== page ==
28 novembre 2022 | Local, Autre défense

Canadian military would be 'challenged' to launch a large scale operation: chief of the defence staff

Canada’s military forces are 'ready' to meet their commitments should Russia's war in Ukraine spread to NATO countries, but it would be a 'challenge' to launch a larger scale operation in the long term, with ongoing personnel and equipment shortages, according to Chief of the Defence Staff Gen. Wayne Eyre.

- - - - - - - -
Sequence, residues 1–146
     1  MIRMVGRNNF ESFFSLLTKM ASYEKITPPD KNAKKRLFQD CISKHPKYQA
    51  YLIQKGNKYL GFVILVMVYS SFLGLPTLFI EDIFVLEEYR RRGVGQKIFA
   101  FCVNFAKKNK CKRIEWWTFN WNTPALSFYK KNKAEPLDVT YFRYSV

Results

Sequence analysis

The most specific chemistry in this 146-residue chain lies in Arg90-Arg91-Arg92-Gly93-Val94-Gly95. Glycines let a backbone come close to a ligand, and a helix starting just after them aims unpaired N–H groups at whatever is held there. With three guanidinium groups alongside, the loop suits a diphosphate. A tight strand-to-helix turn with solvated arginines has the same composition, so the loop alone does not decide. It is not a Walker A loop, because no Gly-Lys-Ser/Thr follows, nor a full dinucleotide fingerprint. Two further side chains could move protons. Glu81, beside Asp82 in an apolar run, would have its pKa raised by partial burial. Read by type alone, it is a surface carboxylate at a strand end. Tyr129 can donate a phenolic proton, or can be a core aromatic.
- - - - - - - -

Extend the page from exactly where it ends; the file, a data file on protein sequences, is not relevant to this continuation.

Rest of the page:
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  • Will other firms withdraw from fighter jet competition leaving F-35 last plane standing?

    25 septembre 2019 | Local, Aérospatial

    Will other firms withdraw from fighter jet competition leaving F-35 last plane standing?